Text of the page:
Thursday, November 18, 1999 Published at 22:29 GMT
Students crushed in bonfire tragedy
Rescuers had to shift heavy logs to reach survivors
At least nine students were killed when a huge stack of logs piled up for a bonfire at an American football rally in the United States collapsed.
The Thanksgiving Day bonfire has been a tradition since 1909 to get fans in the mood for the American football game between A&M - known as Aggies - and arch-rival, University of Texas.
Around 28 students were injured. For hours, rescuers pulled people free from between the logs. One person was not freed until more than six hours after the collapse.
Cranes removed logs gingerly - one by one - to search for others possibly trapped.
Jenny Callaway, a student who was on the stack, said it just fell. She said there was no warning. "It just snapped," she said.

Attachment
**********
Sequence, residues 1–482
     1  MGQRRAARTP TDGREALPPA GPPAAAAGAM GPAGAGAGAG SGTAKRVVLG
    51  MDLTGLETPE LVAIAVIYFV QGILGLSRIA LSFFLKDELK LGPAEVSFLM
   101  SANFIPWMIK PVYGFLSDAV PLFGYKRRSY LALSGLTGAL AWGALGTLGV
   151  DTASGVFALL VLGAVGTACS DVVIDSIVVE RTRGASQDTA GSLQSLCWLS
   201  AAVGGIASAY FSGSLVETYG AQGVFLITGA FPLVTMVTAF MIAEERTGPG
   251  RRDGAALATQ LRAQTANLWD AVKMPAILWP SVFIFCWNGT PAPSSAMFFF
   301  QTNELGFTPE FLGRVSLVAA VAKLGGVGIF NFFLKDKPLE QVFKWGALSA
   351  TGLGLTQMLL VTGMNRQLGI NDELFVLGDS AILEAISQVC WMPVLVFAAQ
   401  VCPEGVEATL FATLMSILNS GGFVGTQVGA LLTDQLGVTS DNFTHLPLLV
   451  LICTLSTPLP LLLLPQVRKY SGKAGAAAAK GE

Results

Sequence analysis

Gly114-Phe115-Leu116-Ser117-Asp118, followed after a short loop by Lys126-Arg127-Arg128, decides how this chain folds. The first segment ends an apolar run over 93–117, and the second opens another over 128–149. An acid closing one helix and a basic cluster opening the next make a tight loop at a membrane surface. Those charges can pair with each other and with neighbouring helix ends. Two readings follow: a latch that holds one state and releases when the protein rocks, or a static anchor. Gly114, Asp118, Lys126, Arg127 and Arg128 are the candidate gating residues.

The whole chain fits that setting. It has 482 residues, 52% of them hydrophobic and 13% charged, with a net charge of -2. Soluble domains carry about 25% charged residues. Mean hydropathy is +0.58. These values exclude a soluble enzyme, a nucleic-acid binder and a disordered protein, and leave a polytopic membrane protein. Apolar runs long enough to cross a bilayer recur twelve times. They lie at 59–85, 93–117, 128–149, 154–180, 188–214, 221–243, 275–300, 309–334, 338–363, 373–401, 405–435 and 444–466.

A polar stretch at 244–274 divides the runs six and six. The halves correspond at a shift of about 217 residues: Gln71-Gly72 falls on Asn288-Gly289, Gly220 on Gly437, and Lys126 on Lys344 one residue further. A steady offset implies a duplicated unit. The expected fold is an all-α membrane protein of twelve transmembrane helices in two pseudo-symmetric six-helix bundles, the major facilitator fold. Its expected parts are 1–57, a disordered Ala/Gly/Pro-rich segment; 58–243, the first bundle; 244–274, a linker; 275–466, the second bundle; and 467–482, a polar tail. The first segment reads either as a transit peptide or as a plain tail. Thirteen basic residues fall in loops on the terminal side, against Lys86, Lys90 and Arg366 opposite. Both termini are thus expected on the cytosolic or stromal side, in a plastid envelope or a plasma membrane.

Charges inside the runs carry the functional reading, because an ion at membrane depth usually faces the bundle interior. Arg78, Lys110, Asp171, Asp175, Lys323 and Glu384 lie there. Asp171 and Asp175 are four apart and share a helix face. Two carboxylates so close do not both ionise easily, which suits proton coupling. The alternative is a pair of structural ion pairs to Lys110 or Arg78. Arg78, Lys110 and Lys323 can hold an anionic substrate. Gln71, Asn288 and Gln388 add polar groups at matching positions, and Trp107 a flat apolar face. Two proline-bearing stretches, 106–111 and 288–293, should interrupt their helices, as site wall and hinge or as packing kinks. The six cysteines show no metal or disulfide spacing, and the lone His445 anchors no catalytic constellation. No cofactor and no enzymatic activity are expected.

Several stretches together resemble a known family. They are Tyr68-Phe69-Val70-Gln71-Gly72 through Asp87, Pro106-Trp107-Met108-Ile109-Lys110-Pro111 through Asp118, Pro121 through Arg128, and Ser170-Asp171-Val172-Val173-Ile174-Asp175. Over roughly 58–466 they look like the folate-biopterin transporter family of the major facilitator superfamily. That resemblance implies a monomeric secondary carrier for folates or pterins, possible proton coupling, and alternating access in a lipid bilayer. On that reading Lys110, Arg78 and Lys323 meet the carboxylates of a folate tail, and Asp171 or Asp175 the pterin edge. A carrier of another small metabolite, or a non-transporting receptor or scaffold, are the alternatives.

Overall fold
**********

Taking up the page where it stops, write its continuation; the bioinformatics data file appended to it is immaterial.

Bart Humphreys, a fire department spokesman, said: "Every piece of wood in that pile is unstable and every piece of wood that moves affects other pieces of lumber."
Texas Governor George W Bush said his thoughts were with the parents of the students killed.
"I just can't imagine what that means to have that happen to them," the governor said in a television interview. "It's sad, it's tough."
The logs had been piled up for the traditional bonfire at the university, about 130km (80 miles) north-west of Houston.
Thousands of logs are stacked high to build the bonfire, using cranes, tractors and crews of students. Students involved in the project get safety training in advance.
In 1994, a stack collapsed and a second was built and set on fire.
The university president said this year's bonfire had been cancelled, and "other events" would be held instead.